WASHINGTON (Reuters) – House Republican leaders proposed on Monday to spend another $2 billion on U.S. diplomatic security this year, using money unspent in Iraq to provide cash the Obama administration said was necessary to help prevent another Benghazi-style attack.
The proposal, an exception amid general budget cutbacks, is part of the House Republican majority’s plan for funding the government for the rest of fiscal 2013, which ends on September 30. Much of the legislation would continue government spending at the same level of last year – minus cuts mandated by the so-called sequestration that took effect last week.
WASHINGTON (Reuters) – More than half the U.S. diplomatic posts overseas may not fully meet security standards, a senior U.S. official told a hearing on Thursday that follows an attack on the mission in Benghazi in which the U.S. ambassador and three other Americans died.
Pat Kennedy, the under secretary of state for management at the State Department, told a House of Representatives appropriations subcommittee that the United States had a diplomatic presence at 283 locations around the world.
WASHINGTON (Reuters) – The U.S. government should reconsider whether to spend more on reconstruction aid in Afghanistan, the U.S. watchdog who monitors the funds said on Wednesday, citing Afghanistan’s persistent corruption and inability to manage projects as U.S. troops withdraw.
John Sopko, the special inspector general for Afghan reconstruction, said $20 billion in U.S. assistance for Afghanistan had been appropriated but not yet spent. Nearly $10 billion more in aid may soon be approved by Congress.
WASHINGTON (Reuters) – Afghanistan’s government does not appear able to manage the large amounts of direct aid that the United States and other countries have pledged, the U.S. watchdog monitoring funds spent on Afghan reconstruction said.
John Sopko, the Special Inspector General for Afghan Reconstruction, raised a red flag over U.S. plans to give Kabul billions of dollars more in direct aid instead of providing assistance through contractors and non-governmental organizations operating on behalf of the American government.
WASHINGTON (Reuters) – Funds to beef up security at U.S. diplomatic posts would be slashed by an estimated $168 million this year under spending cuts due to kick in shortly, congressional Democrats said.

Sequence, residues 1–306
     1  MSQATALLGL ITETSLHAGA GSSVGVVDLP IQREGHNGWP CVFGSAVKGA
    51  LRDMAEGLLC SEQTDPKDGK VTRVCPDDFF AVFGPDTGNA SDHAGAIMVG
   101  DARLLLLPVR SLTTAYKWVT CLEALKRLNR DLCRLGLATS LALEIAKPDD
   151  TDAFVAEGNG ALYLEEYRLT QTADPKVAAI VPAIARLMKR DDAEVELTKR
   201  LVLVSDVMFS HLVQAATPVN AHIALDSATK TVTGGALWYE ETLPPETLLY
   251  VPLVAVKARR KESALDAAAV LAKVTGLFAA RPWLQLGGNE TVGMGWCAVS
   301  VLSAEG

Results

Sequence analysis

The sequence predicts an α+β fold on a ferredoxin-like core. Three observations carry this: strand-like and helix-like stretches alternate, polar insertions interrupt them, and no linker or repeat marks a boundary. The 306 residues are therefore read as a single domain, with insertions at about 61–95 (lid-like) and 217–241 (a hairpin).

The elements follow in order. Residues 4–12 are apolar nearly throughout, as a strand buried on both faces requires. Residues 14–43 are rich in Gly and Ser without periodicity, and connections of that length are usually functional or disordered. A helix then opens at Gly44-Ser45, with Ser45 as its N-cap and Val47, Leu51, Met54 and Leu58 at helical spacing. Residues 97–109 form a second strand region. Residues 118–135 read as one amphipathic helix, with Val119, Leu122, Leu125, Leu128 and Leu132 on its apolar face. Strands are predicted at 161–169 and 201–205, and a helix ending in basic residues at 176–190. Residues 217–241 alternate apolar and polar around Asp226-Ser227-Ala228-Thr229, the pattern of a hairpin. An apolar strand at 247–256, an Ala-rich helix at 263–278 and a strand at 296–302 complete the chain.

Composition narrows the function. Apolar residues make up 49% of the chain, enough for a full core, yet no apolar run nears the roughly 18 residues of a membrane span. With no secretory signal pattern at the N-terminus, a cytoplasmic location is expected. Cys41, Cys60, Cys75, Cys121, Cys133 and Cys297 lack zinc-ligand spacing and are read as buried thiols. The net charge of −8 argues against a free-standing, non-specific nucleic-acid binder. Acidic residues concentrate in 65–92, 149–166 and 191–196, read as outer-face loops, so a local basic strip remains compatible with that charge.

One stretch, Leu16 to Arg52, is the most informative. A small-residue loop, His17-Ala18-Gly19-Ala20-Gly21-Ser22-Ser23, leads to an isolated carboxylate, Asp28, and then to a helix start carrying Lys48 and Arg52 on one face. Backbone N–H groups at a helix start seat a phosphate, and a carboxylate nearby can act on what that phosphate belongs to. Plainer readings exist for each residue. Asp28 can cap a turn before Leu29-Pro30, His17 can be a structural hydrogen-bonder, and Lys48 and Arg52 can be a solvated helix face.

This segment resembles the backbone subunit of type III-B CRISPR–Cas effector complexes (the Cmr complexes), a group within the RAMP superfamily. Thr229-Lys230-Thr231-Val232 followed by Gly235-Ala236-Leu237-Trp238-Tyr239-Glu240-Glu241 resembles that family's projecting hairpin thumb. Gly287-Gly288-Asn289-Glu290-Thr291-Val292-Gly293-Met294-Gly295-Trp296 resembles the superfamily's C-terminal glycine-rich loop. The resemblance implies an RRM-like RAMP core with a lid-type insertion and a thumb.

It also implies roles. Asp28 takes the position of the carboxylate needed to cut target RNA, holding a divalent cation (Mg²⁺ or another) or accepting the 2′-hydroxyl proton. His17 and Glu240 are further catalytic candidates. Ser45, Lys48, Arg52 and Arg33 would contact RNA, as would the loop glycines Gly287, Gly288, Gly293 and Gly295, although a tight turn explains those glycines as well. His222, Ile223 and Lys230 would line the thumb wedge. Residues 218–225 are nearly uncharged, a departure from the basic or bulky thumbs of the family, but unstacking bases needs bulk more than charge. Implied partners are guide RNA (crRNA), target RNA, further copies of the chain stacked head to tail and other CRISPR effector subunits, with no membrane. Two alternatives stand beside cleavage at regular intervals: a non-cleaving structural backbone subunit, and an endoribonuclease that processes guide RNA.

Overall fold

The funds would be axed from the State Department’s budget for embassy and diplomatic security if the across-the-board cuts to the U.S. budget, known as “sequestration,” go ahead on March 1, said Matt Dennis, spokesman for the Democrats on the House Appropriations Committee.
WASHINGTON (Reuters) – Some U.S. diplomatic posts are violating security standards for overseas buildings and the State Department is not keeping track of the exemptions to the rules it does grant, the department’s inspector general said in a review released after the attack on the U.S. mission in Benghazi.
“Inspectors … found conditions of noncompliance with security standards for which posts had not sought exceptions or waivers,” the report by Deputy Inspector General Harold Geisel said.
WASHINGTON (Reuters) – An anxious U.S. defense industry has launched a new push to galvanize lawmakers who are doing little to stop the massive federal spending cuts due to kick in on March 1.
Defense contractors started a fresh surge of letter-writing campaigns and meetings with U.S. officials to plead their case about why the billions of dollars in cuts known as sequestration would harm not only the defense sector but the larger economy.
WASHINGTON (Reuters) – From his lonely position as an early Republican critic of the Iraq war, former Nebraska Senator Chuck Hagel sometimes lectured his more timid Senate colleagues. “If you wanted a safe job, go sell shoes,” he told them.
President Barack Obama’s nominee for defense secretary began a Senate confirmation process on Thursday that revived the contentious relations the fiercely independent Vietnam war veteran had with fellow Republicans over his political career.
WASHINGTON (Reuters) – Republican Senator Lindsey Graham keeps an AR-15 at home, a semi-automatic rifle similar to the weapon used recently in the mass shooting at a Newtown, Connecticut, school. But he is far from the only U.S. lawmaker who has a gun.
At least seven of the 18 members of the Senate Judiciary Committee, which is considering gun-control legislation, own firearms, according to senators and their staffs.
WASHINGTON (Reuters) – The National Rifle Association will argue that greater restrictions are not the answer to gun violence at a Senate hearing on Wednesday, which is likely to stoke skepticism that legislation to tighten controls will advance very far this year.
NRA Executive Vice President Wayne LaPierre, in testimony released on Tuesday on the eve of the Senate Judiciary Committee hearing, showed no signs of backing down from opposition to gun controls advocated by President Barack Obama and Democratic lawmakers after a mass shooting at a Connecticut elementary school in December.